But as I walked down crowded Matsubara Dori Street back into the city, I was as indifferent to the fading daylight as I was to the matcha tea rooms, takoyaki vendors and the special edition Hello Kitty plush I probably should’ve bought for my sister: I wanted to see a geisha!
(I should mention at this point that I don’t have any particular emotional tie to geishas – I simply wanted to snap some amazing pictures of one or many roaming the streets of Kyoto, perhaps assembling an entire photo essay dedicated to them.)
Back to the story, I got to Gion as fast as I possibly could, to precisely the street my guest house receptionist had told me to go. She was right about one thing: There were absolutely no tourists here!
Unfortunately, there were also no geishas.
Initially, I thought it might’ve just been a matter of waiting, kind of like spotting orangutans in Indonesia or the “Big Five” African game on a safari. But minutes turned to tens of minutes turned to hours – and very slowly at that, due to the unseasonable cold passing through Kyoto that particular night – and I saw nary a single geisha, except of course the occasional young, female Asian tourist who was half-heartedly dressed like one.
I couldn’t help but feel disappointed as I walked back to the guest house. On one hand, it wasn’t shocking – I’m certainly no expert on the nighttime migration patterns of females – yet it was still a failure of sorts.
But this is a pretty nice consolation prize, I smiled as I bit into my very first takoyaki, which was drizzled in ume plum sauce.
To be sure, the lesson I learned not seeing a geisha in Kyoto is that these white-faced women, as iconic a symbol of Japan as they might be, are superfluous when it comes to the larger story I picked up on the ground in Kyoto.
Which is that, in spite of how compelled you might feel to stalk geishas, or to see every single shrine and temple in the city, or take so many day trips you’re better off sleeping in the train station, Kyoto is about carving your own path through the history, heritage and chaos, not following the established tourist trail.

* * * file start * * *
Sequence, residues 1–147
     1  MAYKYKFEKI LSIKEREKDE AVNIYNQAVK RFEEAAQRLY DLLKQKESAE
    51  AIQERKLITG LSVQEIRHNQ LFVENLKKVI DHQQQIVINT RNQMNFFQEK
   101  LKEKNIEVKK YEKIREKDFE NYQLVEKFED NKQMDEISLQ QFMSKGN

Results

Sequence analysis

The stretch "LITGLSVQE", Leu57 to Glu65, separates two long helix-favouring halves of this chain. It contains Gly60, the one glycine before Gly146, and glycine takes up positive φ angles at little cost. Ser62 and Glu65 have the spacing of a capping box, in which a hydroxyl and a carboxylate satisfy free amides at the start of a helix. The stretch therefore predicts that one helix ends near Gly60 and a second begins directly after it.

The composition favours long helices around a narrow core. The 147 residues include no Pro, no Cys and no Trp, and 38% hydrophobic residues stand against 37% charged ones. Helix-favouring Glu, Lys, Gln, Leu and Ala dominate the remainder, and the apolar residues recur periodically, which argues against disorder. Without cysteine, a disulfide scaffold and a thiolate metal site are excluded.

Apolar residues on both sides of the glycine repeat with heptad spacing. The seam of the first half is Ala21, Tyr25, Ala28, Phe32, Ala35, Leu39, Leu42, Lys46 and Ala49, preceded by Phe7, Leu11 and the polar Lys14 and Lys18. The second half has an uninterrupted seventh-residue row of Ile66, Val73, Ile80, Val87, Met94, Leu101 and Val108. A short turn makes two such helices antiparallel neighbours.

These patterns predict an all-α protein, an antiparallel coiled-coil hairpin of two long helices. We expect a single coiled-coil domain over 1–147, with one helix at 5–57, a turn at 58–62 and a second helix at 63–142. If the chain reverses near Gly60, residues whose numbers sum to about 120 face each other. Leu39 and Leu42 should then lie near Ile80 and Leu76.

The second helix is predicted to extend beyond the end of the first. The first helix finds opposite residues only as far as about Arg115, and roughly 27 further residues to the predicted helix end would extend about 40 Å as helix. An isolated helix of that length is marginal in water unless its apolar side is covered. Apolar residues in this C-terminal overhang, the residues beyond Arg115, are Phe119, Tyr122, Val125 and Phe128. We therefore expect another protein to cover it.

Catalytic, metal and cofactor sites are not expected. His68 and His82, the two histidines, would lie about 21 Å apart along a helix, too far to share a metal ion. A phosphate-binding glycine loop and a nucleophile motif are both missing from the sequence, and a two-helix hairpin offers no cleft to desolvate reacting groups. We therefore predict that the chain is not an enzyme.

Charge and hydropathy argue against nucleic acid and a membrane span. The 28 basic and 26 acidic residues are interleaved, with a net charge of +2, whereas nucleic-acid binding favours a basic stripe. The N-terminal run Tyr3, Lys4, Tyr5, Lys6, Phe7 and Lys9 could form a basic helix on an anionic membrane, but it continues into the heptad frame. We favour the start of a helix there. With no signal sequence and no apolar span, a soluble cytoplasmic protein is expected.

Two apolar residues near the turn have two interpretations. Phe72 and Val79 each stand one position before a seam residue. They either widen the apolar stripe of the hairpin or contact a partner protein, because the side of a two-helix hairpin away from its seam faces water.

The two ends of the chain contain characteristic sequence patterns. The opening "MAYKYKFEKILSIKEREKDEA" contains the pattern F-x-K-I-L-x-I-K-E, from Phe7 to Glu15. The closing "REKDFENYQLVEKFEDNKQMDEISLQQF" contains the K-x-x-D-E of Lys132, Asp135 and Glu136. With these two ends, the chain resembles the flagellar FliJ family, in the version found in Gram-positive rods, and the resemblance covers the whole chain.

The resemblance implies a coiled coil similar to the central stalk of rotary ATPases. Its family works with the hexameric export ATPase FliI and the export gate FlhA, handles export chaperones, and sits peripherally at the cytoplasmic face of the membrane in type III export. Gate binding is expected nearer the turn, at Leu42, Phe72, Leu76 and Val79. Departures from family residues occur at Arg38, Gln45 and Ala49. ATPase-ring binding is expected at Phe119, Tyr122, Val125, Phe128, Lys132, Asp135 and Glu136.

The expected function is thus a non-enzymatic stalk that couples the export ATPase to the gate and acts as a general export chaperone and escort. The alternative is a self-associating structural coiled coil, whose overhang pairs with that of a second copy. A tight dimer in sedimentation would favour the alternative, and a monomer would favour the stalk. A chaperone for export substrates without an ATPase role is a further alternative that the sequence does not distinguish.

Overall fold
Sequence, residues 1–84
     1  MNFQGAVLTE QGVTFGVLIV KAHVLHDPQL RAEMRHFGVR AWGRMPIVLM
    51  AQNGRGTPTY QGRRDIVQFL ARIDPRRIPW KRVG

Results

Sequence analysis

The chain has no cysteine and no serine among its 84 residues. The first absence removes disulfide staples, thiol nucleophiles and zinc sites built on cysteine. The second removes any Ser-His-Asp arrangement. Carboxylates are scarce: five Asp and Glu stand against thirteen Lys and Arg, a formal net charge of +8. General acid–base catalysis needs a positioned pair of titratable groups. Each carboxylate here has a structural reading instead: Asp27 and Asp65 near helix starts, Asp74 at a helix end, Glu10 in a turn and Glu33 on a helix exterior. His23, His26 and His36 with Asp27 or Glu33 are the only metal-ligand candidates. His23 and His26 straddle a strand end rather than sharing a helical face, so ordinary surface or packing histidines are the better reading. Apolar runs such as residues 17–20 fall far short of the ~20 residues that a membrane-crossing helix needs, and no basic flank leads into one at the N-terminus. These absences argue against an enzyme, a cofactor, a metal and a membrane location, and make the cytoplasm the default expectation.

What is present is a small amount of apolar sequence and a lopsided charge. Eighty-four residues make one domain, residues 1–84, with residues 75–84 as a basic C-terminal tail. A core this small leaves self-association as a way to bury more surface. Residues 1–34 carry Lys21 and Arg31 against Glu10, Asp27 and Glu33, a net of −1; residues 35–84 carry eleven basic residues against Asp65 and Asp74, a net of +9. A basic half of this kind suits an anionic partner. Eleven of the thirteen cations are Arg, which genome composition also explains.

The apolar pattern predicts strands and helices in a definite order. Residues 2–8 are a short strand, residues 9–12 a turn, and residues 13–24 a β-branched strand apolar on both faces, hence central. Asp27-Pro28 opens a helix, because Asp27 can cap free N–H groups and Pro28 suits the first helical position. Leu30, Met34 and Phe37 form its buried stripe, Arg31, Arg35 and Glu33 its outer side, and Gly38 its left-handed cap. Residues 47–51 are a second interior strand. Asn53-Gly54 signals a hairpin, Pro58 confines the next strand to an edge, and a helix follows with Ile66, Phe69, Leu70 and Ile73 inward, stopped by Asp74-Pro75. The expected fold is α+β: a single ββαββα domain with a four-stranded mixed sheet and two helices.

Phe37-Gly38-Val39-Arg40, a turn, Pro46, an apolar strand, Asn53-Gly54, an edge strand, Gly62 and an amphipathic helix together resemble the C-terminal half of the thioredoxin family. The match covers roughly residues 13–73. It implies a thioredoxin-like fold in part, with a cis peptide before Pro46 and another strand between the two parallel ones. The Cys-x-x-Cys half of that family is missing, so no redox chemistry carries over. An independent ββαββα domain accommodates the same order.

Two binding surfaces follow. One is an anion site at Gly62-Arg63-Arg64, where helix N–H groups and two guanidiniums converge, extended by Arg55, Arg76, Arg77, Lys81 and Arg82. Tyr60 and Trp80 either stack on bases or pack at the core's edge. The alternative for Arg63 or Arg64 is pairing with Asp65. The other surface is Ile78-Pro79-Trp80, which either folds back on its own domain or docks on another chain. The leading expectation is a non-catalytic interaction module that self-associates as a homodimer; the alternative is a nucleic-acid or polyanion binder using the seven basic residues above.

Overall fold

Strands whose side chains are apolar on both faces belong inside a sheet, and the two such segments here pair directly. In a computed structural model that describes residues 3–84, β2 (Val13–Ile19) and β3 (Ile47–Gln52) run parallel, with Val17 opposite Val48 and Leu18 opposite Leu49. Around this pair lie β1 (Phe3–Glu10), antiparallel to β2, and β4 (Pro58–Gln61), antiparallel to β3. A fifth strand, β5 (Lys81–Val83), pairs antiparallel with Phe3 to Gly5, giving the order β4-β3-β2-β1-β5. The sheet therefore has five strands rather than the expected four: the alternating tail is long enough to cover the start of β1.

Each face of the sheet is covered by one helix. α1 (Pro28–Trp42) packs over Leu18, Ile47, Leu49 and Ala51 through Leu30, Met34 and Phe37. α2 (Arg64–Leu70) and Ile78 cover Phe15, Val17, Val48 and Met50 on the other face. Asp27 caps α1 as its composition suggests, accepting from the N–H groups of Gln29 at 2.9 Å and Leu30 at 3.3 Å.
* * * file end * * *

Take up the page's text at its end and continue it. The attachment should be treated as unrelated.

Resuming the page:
This is not to say I saw or did anything revolutionary while in Kyoto. Kiyomizu Temple notwithstanding, I spent my second morning seeing temples (and a giant, but far from obscure bamboo forest) in Arashiyama, in the northwestern part of the city. I finished the day at the Ginkakuji Pavilion and then, with a walk along the sakura-lined “Path of Philosophy,” accompanied by no less than 1,000 other tourists – probably many more.
But in spite of how typical the sights I visited were (and perhaps because of the fact that I defied typical tourist logic and cherry-picked the ones I wanted to see, rather than enduring them all), I was able to create my own narrative about a city that’s almost become cliché in the years since the movie whose name inspired me and this post.
Spring is my favorite time of year in Texas and a perfect time to go on a hike to McKinney Roughs Nature Park outside of Austin.
A gifted naturalist (not to be confused with “naturist,” you dirty person!), my friend Megan is like a walking encyclopedia when it comes to the plants and animals of Texas, a trait made all the more astounding by the fact that she has a heart as golden as the fields of mustard that blaze in the Texas spring. Megan’s friend Carla, who is also a flippin’ genius when it comes to central Texas wildlife, joined us as well.
As the three of us traipsed through the countryside yesterday, we came upon a veritable rainbow of red cardinals, orange Indian Paintbrush, green leaves and underbrush, wild blue and indigo Texas bluebonnets and purple phlox. I felt lucky not only to be at home in Texas during this beautiful time of year, but to have the privilege of exploring the natural beauty of the Lone Star State with such amazing people beside me.